Join Date: Dec 2011
Location: Guanaja, Bay Islands, Honduras
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Nothing I hate more than a boat where all the lines are cut from the same spool. Trying to untie the inevitable knots is much easier when you have different color lines.
Secondly different uses require different lines. They aren't all the same, and despite some cruisers recomendations Sta-set is some of the most expensive line on the planet when sized for breaking strength. Selecting proper line is critical for a boat to work at its optimum, AND is less expensive than just buying off a spool.
Primary considerations for different uses
Halyards - low stretch, light weight
Traveler - hand, low water absorption
Main Sheet - low stretch, low water absorption
Jib sheet - able to be put on a winch, low stretch
Docking lines - nylon
For all lines, remember, if you are paying someone to splice anything but three strand line you can probably learn to splice it pretty easily.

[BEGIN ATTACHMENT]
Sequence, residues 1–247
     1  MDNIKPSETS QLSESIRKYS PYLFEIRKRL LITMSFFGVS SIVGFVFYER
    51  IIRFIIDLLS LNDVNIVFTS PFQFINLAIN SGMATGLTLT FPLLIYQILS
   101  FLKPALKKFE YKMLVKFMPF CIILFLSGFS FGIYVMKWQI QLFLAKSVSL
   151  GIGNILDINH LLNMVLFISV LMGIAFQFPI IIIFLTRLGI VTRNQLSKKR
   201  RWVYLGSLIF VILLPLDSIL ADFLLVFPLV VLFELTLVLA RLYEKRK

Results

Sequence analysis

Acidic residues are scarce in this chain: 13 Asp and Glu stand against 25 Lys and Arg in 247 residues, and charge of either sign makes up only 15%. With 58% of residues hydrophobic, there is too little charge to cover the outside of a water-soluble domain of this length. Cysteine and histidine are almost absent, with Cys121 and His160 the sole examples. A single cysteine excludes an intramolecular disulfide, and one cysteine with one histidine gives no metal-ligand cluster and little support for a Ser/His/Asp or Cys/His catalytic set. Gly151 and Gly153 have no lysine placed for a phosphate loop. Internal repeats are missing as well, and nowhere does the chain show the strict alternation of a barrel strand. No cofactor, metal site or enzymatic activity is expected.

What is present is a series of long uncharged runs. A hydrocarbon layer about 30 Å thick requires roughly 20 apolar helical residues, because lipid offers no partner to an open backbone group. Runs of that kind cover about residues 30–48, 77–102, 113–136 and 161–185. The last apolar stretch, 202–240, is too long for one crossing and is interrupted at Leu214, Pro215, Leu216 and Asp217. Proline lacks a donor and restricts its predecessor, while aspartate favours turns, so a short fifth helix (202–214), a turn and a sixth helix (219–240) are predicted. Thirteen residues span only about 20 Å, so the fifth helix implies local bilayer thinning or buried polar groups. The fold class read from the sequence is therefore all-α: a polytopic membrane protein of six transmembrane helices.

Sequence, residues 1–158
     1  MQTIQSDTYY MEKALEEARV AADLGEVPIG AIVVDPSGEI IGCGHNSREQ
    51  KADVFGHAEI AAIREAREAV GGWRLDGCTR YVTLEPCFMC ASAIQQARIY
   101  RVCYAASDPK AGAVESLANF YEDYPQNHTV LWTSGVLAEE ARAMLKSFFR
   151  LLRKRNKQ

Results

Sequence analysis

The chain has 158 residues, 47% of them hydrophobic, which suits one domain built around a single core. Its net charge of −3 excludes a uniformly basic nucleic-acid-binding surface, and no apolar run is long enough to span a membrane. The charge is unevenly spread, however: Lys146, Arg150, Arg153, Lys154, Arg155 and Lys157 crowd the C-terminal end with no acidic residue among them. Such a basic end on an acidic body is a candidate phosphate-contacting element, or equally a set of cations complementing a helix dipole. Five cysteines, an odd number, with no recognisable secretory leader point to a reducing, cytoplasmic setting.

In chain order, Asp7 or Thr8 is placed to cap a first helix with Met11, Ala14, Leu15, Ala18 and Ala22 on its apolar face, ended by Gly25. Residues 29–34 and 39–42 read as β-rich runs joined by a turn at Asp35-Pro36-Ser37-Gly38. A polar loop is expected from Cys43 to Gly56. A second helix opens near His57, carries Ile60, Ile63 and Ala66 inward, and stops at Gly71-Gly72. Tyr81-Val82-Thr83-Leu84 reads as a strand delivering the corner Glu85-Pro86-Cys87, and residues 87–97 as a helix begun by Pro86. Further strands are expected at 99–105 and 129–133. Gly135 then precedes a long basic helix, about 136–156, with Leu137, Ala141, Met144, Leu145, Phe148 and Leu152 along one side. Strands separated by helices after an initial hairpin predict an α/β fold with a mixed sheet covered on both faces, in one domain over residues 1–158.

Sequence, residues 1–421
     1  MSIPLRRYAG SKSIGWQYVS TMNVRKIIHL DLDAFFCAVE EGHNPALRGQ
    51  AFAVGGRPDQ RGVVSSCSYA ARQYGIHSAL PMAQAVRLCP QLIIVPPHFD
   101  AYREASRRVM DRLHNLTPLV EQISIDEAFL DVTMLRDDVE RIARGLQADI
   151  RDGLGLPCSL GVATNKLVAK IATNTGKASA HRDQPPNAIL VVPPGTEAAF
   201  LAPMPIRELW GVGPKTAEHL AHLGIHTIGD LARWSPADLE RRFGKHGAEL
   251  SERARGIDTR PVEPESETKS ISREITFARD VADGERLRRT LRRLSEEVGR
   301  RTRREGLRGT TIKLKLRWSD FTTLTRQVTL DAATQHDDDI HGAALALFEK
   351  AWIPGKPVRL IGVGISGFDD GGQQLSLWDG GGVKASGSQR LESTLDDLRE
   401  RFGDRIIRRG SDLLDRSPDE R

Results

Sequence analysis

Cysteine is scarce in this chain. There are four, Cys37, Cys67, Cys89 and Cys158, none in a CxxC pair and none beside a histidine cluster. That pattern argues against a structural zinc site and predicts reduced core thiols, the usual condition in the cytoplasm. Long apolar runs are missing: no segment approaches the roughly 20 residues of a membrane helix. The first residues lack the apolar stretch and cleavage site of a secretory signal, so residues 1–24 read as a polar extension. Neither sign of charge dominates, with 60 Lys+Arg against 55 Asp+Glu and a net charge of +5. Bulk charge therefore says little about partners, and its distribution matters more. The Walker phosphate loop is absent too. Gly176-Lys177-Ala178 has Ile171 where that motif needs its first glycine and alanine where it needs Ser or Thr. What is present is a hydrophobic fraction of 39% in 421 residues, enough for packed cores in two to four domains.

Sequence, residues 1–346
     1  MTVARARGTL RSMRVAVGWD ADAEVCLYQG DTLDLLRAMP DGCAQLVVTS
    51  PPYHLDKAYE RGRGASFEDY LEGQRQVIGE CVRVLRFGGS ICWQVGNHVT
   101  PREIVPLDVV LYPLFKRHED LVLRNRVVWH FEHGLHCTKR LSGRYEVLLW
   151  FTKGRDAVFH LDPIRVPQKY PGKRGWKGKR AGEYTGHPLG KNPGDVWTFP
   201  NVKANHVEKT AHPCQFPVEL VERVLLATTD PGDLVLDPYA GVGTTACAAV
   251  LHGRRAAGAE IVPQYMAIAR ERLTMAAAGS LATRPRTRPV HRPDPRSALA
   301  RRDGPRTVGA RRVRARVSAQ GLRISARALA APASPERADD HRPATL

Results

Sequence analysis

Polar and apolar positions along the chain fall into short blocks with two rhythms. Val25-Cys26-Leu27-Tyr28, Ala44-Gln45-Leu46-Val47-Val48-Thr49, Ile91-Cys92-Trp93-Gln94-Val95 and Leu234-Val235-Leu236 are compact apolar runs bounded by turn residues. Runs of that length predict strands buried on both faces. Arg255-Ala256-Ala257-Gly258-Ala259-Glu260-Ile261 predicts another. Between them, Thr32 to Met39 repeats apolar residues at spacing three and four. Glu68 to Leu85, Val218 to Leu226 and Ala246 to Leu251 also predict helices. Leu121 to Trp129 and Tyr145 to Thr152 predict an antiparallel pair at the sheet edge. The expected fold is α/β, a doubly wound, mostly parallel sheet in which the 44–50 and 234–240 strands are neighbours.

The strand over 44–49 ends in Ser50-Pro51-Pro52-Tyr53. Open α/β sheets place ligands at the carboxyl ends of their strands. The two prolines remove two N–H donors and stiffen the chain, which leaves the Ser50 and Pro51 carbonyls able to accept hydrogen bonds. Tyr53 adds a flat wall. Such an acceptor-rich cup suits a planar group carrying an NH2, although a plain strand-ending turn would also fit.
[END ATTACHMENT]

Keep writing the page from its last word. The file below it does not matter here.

That's true......but what's he have, like 3 or 4 lines in the cockpit. It's a 25 macgregor. Any VLS DOUBLEBRAID will meet all the criteria. It's 96 cents a foot at West. I color code my lines so I agree with you. I was a rigger on a three masted tall ship, 1000's of feet of white 3 strand. I work the deck of a tug and barge, all 3" blue 3 strand or 12 strand. he needs 300 feet plus. I would look for a remnant or halfspool( box) in Boat's and Harbours. But I'm a low budget sailor who keep's his lines to a min. I have three lines in my cockpit, 2 jib sheets, they are easy to tell apart because one is on the port and the other starboard. and a main sheet, EZ to pick out because it's aft center.
" Some are boat wise and some are other wise"